Let the Point Geography Challenge begin
A colleague tells of a new University of Wisconsin-Stevens Point (UWSP) student wandering our building on the first day of the fall term and looking for a room that was actually located in the library. Informed of the fact, the student asked where the library was.
Easy, the professor said – just walk out the front door, turn right, and cross the street. It’s the first big building on your left.
“Wait!” cried the student. “Can you show it to me on my GPS?”
Too many of us live that way now; my friend Sarah Ross tells me she knows of teenagers who drive around town but can’t find the airport exit because they don’t know where our airport is. I don’t want my kids to grow up that directionally challenged.
When I “discovered” a small neighborhood park (Parkdale – May 6 column) late this spring after having passed it by multiple times without noticing, I decided I’d do everything I could to help my children at least be able to find most of our local parks, encouraging them to get to know the city in the process.
After a bit too much dawdling, I finally started on the challenge this week.
Coordinating outdoor fun with learning is slightly more complicated with an almost six-year age difference between Elder Son and Younger Daughter. My first exercise sought to take advantage of the natural competition between them while easing into the learning portion of the challenge.
It seemed wise to start small, toss a reward in there somewhere, and hope we had time to talk a bit about finding our way around. Because we live near downtown, Bukolt Park seemed like just the ticket.
“Where’s Bukolt Park?” asked Sam, immediately confirming the wisdom of our exercise.
Bukolt may be the first Stevens Point park we visited, back when Sam was 4 and we had just moved to Wisconsin. I remember a late-summer picnic at the northern end in 2007, looking over the Wisconsin as it widens to a good-sized lake and stretches out to the far horizon. We’ve since been to many other family picnics and group gatherings at the old lodge there, but Bukolt was still clearly an abstract concept to Sam.
After a short explanation, he said, “Oh, yeah,” and we were ready to go.
The three of us shoved off at 10 a.m. Tuesday this week, a beautiful morning perfect for biking (Mom had to work, so it was a three-quarter family outing). When we arrived at the head of the Clark Street Bridge, I stopped us and laid out the next part of the challenge.
“OK, Sam – we’re going to see who gets to Bukolt first,” I explained. “But Lorena and I are taking the Green Circle, and you have to stick to the streets.”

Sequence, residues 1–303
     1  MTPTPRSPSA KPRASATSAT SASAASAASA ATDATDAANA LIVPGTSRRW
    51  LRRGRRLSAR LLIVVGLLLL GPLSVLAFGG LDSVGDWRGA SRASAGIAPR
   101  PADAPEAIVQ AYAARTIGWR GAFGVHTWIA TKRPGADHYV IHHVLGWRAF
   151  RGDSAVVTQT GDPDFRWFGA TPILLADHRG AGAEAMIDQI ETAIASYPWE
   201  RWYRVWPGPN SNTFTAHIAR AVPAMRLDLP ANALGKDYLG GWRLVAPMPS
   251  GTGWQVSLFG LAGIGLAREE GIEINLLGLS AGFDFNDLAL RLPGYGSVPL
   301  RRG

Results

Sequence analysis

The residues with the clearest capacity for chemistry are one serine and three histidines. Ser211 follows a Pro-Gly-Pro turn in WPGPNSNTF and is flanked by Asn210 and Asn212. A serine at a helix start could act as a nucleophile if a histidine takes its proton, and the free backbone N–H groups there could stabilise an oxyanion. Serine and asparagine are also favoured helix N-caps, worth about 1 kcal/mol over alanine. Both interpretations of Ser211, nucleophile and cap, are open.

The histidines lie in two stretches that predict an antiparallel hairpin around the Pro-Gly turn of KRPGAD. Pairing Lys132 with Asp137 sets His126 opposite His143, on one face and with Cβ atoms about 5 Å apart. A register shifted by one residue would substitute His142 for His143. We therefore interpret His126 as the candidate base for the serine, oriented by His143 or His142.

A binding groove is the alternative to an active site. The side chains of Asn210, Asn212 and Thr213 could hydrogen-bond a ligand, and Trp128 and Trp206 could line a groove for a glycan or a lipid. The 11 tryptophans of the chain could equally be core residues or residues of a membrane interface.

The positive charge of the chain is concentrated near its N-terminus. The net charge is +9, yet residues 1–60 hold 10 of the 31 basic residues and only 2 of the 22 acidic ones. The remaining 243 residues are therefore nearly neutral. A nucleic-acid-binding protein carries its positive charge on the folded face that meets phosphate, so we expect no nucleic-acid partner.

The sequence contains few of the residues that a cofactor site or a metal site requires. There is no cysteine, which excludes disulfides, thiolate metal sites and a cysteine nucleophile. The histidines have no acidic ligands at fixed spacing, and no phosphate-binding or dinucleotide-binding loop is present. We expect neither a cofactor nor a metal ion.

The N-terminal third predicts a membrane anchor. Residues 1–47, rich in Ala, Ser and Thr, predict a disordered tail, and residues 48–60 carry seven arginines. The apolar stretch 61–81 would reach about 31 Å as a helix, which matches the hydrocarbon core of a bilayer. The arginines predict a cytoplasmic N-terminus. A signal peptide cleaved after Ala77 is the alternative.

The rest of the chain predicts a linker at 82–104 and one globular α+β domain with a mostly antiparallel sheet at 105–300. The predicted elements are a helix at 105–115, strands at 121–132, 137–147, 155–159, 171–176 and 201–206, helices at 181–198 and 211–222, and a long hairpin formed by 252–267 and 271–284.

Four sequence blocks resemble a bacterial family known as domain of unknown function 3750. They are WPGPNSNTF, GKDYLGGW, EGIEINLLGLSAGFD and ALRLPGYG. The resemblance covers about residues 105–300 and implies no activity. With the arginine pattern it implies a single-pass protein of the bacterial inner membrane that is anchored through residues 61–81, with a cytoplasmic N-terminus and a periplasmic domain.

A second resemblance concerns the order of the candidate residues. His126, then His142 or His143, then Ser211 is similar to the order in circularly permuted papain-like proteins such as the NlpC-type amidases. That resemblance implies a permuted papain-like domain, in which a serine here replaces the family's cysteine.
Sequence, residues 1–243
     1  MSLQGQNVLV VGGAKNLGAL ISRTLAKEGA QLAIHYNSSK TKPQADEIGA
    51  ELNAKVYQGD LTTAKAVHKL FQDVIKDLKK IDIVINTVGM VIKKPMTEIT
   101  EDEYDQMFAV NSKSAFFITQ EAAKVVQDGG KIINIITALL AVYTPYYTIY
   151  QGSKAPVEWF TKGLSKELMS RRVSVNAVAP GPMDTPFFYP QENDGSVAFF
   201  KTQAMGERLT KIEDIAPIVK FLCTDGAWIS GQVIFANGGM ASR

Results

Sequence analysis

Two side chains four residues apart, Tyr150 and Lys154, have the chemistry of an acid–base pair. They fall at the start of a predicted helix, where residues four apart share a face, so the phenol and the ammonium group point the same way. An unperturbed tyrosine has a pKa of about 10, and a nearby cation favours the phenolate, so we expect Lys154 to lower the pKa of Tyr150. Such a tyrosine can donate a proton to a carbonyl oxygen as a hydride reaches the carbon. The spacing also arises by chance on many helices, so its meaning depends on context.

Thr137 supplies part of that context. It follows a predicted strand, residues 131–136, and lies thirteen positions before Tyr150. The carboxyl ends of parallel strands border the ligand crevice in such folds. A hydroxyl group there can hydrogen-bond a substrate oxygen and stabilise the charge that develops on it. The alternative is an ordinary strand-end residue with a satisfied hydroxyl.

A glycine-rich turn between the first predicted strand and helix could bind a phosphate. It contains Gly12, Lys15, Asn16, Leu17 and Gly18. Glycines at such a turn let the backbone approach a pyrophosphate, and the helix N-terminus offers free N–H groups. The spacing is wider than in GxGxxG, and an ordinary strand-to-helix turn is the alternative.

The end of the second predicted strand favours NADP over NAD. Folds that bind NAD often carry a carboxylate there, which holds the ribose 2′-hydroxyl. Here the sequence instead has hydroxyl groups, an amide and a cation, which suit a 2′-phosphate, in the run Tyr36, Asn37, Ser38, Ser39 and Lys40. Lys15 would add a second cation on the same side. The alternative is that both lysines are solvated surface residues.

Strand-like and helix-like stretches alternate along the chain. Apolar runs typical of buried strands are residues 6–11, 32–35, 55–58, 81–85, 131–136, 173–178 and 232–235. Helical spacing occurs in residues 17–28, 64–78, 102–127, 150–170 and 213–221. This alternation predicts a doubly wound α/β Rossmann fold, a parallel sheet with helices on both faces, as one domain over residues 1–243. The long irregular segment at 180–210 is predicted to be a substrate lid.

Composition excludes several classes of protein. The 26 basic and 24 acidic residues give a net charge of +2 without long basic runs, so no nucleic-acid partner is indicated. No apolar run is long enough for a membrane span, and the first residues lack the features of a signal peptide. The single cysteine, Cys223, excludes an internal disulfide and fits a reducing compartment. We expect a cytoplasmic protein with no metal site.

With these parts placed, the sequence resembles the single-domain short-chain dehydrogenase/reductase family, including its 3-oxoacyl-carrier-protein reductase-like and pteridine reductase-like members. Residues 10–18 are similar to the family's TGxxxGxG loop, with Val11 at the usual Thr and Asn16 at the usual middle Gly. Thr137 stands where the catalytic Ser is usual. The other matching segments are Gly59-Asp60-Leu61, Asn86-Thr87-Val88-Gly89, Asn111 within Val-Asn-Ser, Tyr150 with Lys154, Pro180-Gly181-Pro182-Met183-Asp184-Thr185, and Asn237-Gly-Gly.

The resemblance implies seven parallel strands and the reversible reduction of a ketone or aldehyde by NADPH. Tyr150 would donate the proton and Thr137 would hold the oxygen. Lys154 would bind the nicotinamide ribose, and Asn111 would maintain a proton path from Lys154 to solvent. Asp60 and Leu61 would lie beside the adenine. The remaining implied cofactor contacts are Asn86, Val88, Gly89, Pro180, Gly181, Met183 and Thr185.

He agreed and took off. We headed down the hike-and-bike path through Pfiffner Pioneer Park as I explained to Lorena that Sam would probably be faster, but with any luck wouldn’t know the most direct streets to Bukolt and we’d win.
She was already a bit cranky and defeatist, so I sweetened the pot by promising enough for an ice cream if we got there first. This is, of course, a tremendous sacrifice, as it means I’ll likely have to accompany her on some future bike ride that ends with an espresso-chip cone – just one of the little indignities fathers sign on for.
Sure enough, as we approached the old warehouse on the northern side of Pfiffner, we saw Sam zipping along Franklin Street with a good lead on us. Lorena was crestfallen, but I told her he might not know to turn north on Forest Street (he’d already passed Grant), meaning he’d have to double back when reaching the end of the road at the Franklin Street boat ramp.
So it was. We saw him heading back east down the alley between Franklin and Washington, and I knew he might get too hurried and repeat his mistake on any of the next three east-west streets around the Bukolt baseball field, possibly meaning even more backtracking.
We biked through a small flock of geese and rounded the big curve into Bukolt proper, looking ahead to the Skate Park, our agreed-upon destination. As we neared it, Sam was not visible, so it didn’t take much urging to speed up Younger Daughter.
It turned out to be unnecessary. We were a strong 7-8 minutes ahead of the good-natured Sam, who laughed when he arrived and didn’t begrudge his sister’s victory.
Emy J’s: no problem to find
After playing around on the ramps and humps at the Skate Park, we headed for Emy J’s – not part of Lorena’s reward, she’ll have you know – and celebrated with ice cream.
The kids led the way, and I could tell from our discussions that they were paying a bit more attention to how to arrive at our favorite Green Circle refreshment stop. They knew the general direction, but with visual obstacles between us and their goal, it was easy to see they were challenged by determining exactly where to turn or how many blocks to go.
Inside, we had a couple of chocolate shakes and some peanut-butter chocolate chunk in a bowl, talking about why it’s important not just to know generally where a place is, but how to map it out in your head or find it on a sheet of paper. I pointed out that thinking about these things and visualizing them not only helps people find their bearings, but explains how to get somewhere or understand someone else’s directions.
We talked about the rest of our challenge – Sam will be heading off on his own or with friends to collect video documentary of local parks, while Lorena will go along with me, and we’d come up with some different tasks for her.
We discussed the next day’s breakfast, when we would head to a stop of their choice somewhere near the Convention and Visitors Bureau, where we’d obtain maps and learn about local attractions. Those maps will be an important part of our remaining summer outdoor activity, including an as-yet-unformed mapping test I’ll give before school starts.
“But I get the ice cream still, Daddy,” Lorena reminded me.
If she insists, I suppose.